Faculty Database:
[ Phd Program: Nutrition ]

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NameEmailPhd ProgramResearch InterestsPublications
Beck, Melinda A. email , , publications

My laboratory studies the relationship between host nutrition and the immune response to infectious disease. Using a mouse model of obesity, we are exploring the mechanism(s) for high mortality from influenza infection in obese mice compared with lean mice. We also have an ongoing clinical research study designed to understand the mechanism(s) involved that impair the influenza vaccine response in obese adults compared with healthy weight adults. We have also demonstrated that host deficiencies in antioxidant nutrients can lead to viral mutations resulting in an avirulent pathogen becoming virulent, suggesting that the host nutritional status can be a driving force for the evolution of viruses.

Gordon-Larsen, Penny email , , , , publications

Gordon-Larsen’s work integrates biology, behavior, and environment to understand, prevent and treat obesity, cardiovascular and cardiometabolic diseases. She works with biomarker, microbiome, metabolome, genetic, weight, diet, and environment data using multilevel modeling and pathway-based analyses. She works with several longitudinal cohorts that span more than 30 years. Most of her work uses data from the US and China. Her research teams include a wide variety of scientists working in areas such as genetics, medicine, bioinformatics, biostatistics, microbiology, nutrition, and epidemiology.

Hursting, Stephen D email , , , , publications

Dr. Hursting’s lab focuses on the molecular and metabolic mechanisms underlying nutrition and  cancer associations, particularly the impact of obesity and energy balance modulation (eg, calorie restriction, exercise) on cancer development or responses to chemotherapy. Primarily using genetically engineered mouse models of pancreatic, colon and breast cancer, Dr. Hursting has identified the IGF-1/Akt/mTOR and NF-kB signaling pathways as key targets for breaking the obesity- cancer link.  He has also established in several preclinical models of pancreatic and breast cancer that obesity impacts the response to various forms of chemotherapy.  In addition, the Hursting lab is involved in several translational research collaborations linking mouse model studies with clinical trials, and his group has expertise in measuring metabolic hormones, growth factors, inflammatory cytokines and chemokines in serum and tissue from rodents and humans.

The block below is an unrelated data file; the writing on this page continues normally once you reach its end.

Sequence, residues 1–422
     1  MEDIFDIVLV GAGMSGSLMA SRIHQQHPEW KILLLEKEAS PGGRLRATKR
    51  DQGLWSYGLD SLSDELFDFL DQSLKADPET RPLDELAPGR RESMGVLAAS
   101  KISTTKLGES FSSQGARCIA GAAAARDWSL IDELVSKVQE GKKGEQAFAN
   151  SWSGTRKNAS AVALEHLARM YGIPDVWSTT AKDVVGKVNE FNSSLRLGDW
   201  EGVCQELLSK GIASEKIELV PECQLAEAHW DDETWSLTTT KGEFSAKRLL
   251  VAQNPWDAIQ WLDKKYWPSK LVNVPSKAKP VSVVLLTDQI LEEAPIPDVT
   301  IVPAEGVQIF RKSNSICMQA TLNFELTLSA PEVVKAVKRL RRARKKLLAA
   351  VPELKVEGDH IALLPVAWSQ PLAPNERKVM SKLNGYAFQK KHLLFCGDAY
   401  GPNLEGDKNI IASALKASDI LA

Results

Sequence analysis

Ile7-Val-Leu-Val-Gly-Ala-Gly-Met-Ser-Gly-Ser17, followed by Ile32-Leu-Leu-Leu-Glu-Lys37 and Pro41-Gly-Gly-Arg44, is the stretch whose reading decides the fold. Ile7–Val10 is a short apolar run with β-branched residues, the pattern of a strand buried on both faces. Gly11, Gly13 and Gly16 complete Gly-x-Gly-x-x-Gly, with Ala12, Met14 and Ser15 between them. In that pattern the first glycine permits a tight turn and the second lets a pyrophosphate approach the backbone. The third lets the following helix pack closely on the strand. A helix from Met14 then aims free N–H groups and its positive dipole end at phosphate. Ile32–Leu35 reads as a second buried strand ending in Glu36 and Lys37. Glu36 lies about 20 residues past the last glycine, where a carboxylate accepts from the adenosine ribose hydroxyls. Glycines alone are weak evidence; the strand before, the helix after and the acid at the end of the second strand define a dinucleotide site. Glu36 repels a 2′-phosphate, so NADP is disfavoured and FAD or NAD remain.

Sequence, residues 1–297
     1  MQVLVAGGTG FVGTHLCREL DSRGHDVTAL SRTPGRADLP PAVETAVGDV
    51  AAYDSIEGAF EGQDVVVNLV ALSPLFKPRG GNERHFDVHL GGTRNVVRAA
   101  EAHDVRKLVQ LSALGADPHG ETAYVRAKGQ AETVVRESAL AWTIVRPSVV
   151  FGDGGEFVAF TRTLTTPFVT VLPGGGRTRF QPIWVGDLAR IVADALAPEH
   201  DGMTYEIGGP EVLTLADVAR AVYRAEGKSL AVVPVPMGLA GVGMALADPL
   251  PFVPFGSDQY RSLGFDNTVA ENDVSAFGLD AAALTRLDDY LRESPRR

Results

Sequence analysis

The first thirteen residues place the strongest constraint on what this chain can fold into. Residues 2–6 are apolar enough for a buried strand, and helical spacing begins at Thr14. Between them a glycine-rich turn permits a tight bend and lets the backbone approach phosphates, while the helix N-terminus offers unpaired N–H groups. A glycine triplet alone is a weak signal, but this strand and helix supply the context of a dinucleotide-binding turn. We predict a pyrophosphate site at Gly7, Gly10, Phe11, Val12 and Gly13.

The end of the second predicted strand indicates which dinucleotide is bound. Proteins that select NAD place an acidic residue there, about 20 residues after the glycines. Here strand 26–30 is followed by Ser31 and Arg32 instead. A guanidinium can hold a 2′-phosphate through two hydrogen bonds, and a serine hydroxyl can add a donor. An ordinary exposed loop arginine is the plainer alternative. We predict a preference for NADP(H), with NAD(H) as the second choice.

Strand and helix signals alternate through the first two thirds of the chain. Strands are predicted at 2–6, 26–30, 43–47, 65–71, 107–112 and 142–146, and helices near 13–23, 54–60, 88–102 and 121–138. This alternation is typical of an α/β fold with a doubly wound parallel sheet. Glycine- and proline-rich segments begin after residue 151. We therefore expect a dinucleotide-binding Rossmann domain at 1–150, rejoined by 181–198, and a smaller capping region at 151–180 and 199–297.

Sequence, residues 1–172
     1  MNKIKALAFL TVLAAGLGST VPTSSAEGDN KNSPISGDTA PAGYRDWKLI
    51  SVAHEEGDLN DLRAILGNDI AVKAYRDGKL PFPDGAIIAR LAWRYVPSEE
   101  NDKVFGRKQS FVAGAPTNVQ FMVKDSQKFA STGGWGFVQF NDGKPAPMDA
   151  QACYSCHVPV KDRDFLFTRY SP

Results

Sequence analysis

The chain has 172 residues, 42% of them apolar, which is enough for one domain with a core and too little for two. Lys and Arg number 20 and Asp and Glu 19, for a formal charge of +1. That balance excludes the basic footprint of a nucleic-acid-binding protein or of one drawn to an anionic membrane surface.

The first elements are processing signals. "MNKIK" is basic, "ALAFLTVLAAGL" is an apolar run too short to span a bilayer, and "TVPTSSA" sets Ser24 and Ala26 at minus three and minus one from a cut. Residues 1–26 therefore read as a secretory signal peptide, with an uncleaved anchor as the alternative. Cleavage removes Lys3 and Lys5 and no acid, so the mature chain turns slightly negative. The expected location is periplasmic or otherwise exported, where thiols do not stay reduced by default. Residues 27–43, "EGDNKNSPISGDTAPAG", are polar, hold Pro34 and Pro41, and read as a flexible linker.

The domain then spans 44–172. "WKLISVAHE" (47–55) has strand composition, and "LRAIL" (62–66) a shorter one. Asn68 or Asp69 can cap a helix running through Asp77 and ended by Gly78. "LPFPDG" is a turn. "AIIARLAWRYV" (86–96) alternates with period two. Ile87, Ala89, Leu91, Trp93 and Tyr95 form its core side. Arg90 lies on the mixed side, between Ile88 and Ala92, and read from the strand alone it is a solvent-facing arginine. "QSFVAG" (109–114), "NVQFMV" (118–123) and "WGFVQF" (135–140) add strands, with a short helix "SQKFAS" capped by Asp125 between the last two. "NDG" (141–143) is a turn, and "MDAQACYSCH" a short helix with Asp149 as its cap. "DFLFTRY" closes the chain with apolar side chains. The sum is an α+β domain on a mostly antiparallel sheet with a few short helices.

Ideraabdullah, Folami Y email , , , , publications

The lab focus is to understand the mechanism of gene-environment interactions by examining the genetic basis of epigenetic response to nutrition and environmental toxicants. The long-term goal is to identify and characterize genetic (naturally occurring and induced) and environmental (toxicant and nutritional) causes of disruption of DNA methylation patterns during development and to determine their role in disease. The primary focus is on DNA methylation patterns during germ cell and early embryonic development during critical windows of epigenetic reprogramming.

Krupenko, Natalia email , , , , , publications

My laboratory is interested in the role of folate and related metabolic pathways in methyl group metabolism, and their involvement in pathogenesis and etiology of diseases. We have recently discovered a novel function of a folate-binding methyltransferase GNMT in the regulation of cellular proliferation, and now study the genetic variations in GNMT and their effects on new function. Our lab is also interested in the cross talk between folate metabolism and sphingolipid pathways as a mediator of folate stress with the goal of exploiting this connection to improve human health.